"No; she's busy in the kitchen; do you want to see her?"

"No." The girl spoke quickly and moved uneasily.

"You came to see

me?"

"I come to see _some_body-oh, Harriet, I'm so miserable! You didn't suspicion it, Harriet, but I'm afraid that man has made a plumb fool of me. I haven't slept hardly one wink since they driv' 'im off. I-" She put her hand to her eyes, and as she paused Harriet thought she was crying, but a moment later, when she removed her hand, her eyes were dry.

"Why did you come to-to see me, Hettie?" questioned Harriet.

"Because," was the slow-coming reply, "I thought maybe he had wrote back to you."

"He has never written to me, Hettie-never a line."

The face of the girl brightened. "Then you ain't engaged to him, are you, Harriet?"

"The idea! of course not."

"Oh, I'm mighty glad of that," exclaimed the visitor. "You see, I'm such a fool about him I got jealous. Oh, Harriet, there ain't no use in me tryin' to deceive myself; I know he would marry you at the drop of a hat if you'd have him. I know that, and still I am crazy about him. I ain't much to blame, Harriet, if I am foolish. He made me so, an' 'most any pore, lonely girl like I am would care for a good-looking man like he is. Oh, Harriet, it is awfully humiliating to have to think it, but I believe the reason he treats me like he does is that I showed him too plainly how much I loved him."

"I did not suspect till the other day," said Harriet, to avoid that point, "that he was paying you any particular attention. Mother told me he often drove you out home."

"Oh, la, that ain't a circumstance, Harriet! He used to come out home mighty nigh every day or night. Pa an' ma think he is a regular prince. You know he swore pa out of a big whiskey scrape in Atlanta, and since then pa and him has been mighty thick. They thought all along that Toot wanted to marry me, and it made 'em mighty proud, and then it began to look like he was settin' up to you. That's why I quit staying here, Harriet. I couldn't be around you so much and know-or think, as I did, that he was beginning to love you."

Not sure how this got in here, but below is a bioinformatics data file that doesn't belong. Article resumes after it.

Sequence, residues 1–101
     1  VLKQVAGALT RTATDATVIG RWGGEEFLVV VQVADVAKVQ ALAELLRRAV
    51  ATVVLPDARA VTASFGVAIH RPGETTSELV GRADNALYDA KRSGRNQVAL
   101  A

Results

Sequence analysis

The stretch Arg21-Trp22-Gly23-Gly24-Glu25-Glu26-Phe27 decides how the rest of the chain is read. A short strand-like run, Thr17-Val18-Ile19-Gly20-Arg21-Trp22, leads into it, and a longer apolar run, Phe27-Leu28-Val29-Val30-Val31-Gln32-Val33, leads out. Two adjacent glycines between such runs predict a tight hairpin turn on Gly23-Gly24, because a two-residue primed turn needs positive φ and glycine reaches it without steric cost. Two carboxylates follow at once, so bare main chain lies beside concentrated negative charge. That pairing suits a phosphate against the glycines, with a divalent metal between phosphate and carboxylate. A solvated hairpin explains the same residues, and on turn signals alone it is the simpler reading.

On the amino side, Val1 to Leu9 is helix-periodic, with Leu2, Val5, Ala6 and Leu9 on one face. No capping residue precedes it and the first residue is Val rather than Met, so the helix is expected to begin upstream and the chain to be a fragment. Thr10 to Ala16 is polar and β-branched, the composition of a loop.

"I don't think," protested Harriet, "that he was ever deeply interested in me. You must not think that. In fact, I believe now, Hettie, that you and he will be happily married some day-if he ever gets out of his trouble."

Hettie drew in her breath quickly and held it, raising a glad glance to the speaker's face.

"Why do you think so, Harriet?-oh, you are just saying this to make me feel better."

Harriet deliberated for a moment, then she said: "He was here the night they run him off-the night they all took Mr. Westerfelt out. Mother and I had a long talk with him. Mother talked straight to him about flirting with you, and told him what a good, nice girl you were, and-"

"Oh, did she, Harriet? I could hug her for it!"

"Yes, and he talked real nice about you, too, and admitted he had acted wrong. Hettie, I believe in time that he'll come back and ask you to marry him. I believe that in the bottom of my heart."

The countenance of the visitor was now aglow with hope.

"Maybe he will-maybe he will," she said. "I was afraid I let him see too plain that I was a fool about him, but some men like that, I reckon; he always seemed to come oftener. Harriet, one thing has worried the life nearly out of me. I heard Frank Hansard say a young man never would think as much of a girl after she let him kiss her. I'm no hypocrite-I'm anything else; but as much as I'd love to have a young man I cared for kiss me, I'd die in my tracks before I'd let 'im put his arm around me if I thought it would make 'im think less of me. Do you reckon" (she was avoiding Harriet's eyes)-"do you think that would make any difference with Toot-I mean, with any young man?"

Harriet smiled in spite of the look of gravity in Hettie's eyes.

"Some men might be that way," she finally said, consolingly-she was thinking of the innate coarseness of Hettie's lover-"but I don't think Mr. Wambush is. That was one of the first things my mother ever taught me. She told me she'd learned it by experience when she was a girl. I don't pretend to be better than other girls, but I've always made men keep their distance."

Hettie shrugged her shoulders, as if to throw off some unpleasant idea.